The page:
2020 Land Rover Defender. Photo: Nick Dimbleby/Land Rover

My latest ride is the 2020 Land Rover Defender 110 SE, an SUV with a tough-looking stance for our times.

The big picture: The original Defender is a cult vehicle for off-road enthusiasts, having been sold in the U.S. for just four years in the mid-1990s. Now it's back, rounding out the Land Rover lineup.

Driving impressions: Though meant for serious off-roading, the Defender was surprisingly well-mannered on suburban streets near Detroit.

  • It's outfitted with premium technology, yet has a utilitarian feel with exposed rivets in the door panels and a magnesium beam that runs the width of the dashboard.

The Defender is pricey, though: It starts at $49,900, but the mid-level SE trim I drove is $62,250.

  • With optional packages including adaptive cruise control, a sliding panoramic roof, heated third-row seats and 20-inch wheels, the sticker price jumped to $77,775.
  • Then my car was also outfitted with a $4,800 Explorer accessory pack, which included a gearbox mounted to the rear passenger window, a snorkel (or raised air intake) to keep the engine clean and dry while off-roading, and a fold-up ladder to access the expedition roof rack.
  • That brought the drive-home price to $82,575.

The bottom line: It looked cool, but with all the extra equipment bolted to the car, it was next to impossible to see out the rear side windows.

Go deeper

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Illustration: Sarah Grillo/Axios

It hasn't backed a Democrat for president since 1992, but Georgia's changing demographics may prove pivotal this year — not only to Trump v. Biden, but also to whether Democrats take control of the Senate.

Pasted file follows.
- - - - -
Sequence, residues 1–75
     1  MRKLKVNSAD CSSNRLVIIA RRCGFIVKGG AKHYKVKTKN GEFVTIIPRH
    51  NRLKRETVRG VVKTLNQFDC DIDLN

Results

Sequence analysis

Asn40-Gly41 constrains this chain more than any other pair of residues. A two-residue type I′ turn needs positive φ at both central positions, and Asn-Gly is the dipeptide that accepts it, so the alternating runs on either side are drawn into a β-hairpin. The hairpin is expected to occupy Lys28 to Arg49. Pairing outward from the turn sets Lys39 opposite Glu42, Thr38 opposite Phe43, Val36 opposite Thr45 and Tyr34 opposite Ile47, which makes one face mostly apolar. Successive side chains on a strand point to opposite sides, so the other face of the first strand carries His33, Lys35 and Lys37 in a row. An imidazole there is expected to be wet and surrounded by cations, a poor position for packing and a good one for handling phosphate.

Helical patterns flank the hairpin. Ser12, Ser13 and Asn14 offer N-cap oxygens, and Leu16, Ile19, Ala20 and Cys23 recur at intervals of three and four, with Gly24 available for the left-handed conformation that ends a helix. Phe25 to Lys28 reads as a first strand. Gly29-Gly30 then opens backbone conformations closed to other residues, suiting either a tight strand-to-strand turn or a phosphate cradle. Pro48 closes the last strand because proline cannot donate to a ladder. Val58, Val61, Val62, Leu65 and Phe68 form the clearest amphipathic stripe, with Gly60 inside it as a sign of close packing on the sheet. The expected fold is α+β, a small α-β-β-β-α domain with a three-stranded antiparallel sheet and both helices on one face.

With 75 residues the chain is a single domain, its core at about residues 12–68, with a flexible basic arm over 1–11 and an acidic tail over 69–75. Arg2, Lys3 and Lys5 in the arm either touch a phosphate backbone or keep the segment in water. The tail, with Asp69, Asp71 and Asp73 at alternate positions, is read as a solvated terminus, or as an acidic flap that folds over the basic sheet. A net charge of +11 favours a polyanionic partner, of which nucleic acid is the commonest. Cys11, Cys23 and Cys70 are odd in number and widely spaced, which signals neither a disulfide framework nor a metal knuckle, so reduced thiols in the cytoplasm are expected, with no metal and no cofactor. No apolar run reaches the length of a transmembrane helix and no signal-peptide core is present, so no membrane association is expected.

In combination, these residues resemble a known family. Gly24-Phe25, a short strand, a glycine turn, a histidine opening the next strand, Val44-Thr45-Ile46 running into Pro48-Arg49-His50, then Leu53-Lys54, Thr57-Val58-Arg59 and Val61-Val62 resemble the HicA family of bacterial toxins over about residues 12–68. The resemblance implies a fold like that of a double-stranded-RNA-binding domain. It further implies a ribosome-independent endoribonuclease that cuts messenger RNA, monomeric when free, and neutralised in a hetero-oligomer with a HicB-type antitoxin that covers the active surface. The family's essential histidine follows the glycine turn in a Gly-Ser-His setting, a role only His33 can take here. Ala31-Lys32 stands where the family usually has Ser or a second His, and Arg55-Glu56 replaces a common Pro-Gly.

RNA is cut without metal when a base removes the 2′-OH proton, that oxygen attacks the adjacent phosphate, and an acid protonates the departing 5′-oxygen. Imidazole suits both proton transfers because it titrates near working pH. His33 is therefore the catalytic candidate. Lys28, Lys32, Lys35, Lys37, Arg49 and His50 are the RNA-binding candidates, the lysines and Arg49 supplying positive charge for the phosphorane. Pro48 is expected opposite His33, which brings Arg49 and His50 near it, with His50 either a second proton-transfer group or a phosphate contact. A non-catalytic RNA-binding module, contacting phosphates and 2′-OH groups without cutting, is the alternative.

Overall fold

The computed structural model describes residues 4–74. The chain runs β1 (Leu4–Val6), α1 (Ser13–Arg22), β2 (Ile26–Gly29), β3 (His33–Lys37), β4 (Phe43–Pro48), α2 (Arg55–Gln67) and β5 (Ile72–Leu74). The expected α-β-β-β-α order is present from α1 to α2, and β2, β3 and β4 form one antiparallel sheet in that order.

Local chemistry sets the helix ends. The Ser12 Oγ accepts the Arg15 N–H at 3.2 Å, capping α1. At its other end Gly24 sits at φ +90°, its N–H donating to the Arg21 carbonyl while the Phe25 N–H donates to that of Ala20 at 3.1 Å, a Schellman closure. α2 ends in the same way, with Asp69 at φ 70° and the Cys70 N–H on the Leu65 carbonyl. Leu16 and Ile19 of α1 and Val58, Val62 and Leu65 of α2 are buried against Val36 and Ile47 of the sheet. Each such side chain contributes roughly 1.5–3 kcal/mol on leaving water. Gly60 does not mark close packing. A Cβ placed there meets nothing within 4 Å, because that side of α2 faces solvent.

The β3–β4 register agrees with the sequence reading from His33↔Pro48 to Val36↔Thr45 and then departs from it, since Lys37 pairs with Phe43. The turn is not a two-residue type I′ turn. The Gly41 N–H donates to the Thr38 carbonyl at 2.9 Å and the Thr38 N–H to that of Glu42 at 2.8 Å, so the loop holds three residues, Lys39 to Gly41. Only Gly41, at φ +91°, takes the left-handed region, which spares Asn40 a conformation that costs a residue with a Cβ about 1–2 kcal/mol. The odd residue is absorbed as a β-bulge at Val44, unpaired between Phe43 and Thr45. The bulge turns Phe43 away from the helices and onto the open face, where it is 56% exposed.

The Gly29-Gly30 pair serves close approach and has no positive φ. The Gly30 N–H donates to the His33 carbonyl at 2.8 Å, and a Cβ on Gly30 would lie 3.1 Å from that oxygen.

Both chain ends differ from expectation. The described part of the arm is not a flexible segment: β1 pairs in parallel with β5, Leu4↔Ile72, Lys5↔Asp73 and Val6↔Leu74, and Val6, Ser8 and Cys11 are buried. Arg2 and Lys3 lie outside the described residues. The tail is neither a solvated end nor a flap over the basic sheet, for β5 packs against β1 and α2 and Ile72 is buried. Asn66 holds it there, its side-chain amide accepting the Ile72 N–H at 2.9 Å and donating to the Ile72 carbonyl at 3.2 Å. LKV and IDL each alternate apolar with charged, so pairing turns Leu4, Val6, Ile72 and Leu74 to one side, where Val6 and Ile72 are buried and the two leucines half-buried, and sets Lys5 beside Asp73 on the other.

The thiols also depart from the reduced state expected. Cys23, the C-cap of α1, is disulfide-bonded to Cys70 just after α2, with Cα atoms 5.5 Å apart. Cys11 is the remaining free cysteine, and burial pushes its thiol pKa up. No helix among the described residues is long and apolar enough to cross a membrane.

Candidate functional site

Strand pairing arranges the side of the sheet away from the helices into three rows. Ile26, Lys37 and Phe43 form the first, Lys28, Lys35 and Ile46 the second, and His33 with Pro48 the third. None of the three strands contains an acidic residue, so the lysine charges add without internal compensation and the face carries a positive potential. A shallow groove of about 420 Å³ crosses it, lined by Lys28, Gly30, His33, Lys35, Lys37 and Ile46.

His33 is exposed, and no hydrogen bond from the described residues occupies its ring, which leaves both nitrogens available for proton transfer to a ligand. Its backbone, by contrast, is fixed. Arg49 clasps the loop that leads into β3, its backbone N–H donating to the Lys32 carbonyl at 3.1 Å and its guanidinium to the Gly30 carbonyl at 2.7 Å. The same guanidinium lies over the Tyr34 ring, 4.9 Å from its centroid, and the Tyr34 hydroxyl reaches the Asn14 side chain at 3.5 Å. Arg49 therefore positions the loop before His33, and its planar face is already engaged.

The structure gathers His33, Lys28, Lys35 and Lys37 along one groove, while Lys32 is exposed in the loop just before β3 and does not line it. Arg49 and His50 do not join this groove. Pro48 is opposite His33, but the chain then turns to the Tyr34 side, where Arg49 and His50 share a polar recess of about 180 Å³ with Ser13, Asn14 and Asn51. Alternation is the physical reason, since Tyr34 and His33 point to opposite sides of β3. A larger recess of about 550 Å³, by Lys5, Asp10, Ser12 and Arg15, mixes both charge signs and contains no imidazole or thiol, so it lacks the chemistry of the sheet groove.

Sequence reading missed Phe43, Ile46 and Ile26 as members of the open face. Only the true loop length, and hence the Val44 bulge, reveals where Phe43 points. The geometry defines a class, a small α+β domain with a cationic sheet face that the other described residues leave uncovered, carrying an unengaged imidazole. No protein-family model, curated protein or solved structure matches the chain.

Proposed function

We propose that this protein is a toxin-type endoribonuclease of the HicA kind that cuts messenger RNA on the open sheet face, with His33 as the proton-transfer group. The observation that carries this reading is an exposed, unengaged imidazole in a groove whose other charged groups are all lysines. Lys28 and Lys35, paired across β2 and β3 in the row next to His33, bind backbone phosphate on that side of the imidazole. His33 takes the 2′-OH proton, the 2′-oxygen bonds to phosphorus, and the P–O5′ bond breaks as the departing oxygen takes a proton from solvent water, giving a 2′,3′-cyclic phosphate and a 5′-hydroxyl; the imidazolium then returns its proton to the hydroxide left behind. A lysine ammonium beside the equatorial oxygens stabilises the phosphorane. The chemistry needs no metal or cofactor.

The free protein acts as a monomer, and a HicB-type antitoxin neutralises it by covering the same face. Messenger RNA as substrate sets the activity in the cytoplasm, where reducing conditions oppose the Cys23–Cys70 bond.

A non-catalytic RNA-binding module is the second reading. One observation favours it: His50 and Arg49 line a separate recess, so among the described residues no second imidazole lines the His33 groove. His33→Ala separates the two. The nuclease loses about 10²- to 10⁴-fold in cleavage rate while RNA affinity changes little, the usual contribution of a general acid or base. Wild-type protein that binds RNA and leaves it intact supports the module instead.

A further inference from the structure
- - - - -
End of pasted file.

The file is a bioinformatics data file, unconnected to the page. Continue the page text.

Why it matters: If the fate of the Senate did hinge on Georgia, it might be January before we know the outcome. Meanwhile, voters' understanding of this power in the final days of the election could juice turnout enough to impact presidential results.

Amy Harder, author of Generate
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Climate change goes mainstream in presidential debate

Photo illustration: Aïda Amer/Axios. Photo: Olivier Douliery-Pool/Getty

The most notable part of Thursday’s presidential debate on climate change was the fact it was included as a topic and assumed as a fact.

The big picture: This is the first time in U.S. presidential history that climate change was a featured issue at a debate. It signals how the problem has become part of the fabric of our society. More extreme weather, like the wildfires ravaging Colorado, is pushing the topic to the front-burner.

Finally, a real debate

Photo: Morry Gash/AP

A more disciplined President Trump held back from the rowdy interruptions at tonight's debate in Nashville, while making some assertions so outlandish that Joe Biden chuckled and even closed his eyes. A Trump campaign adviser told Axios: "He finally listened." 

The result: A real debate.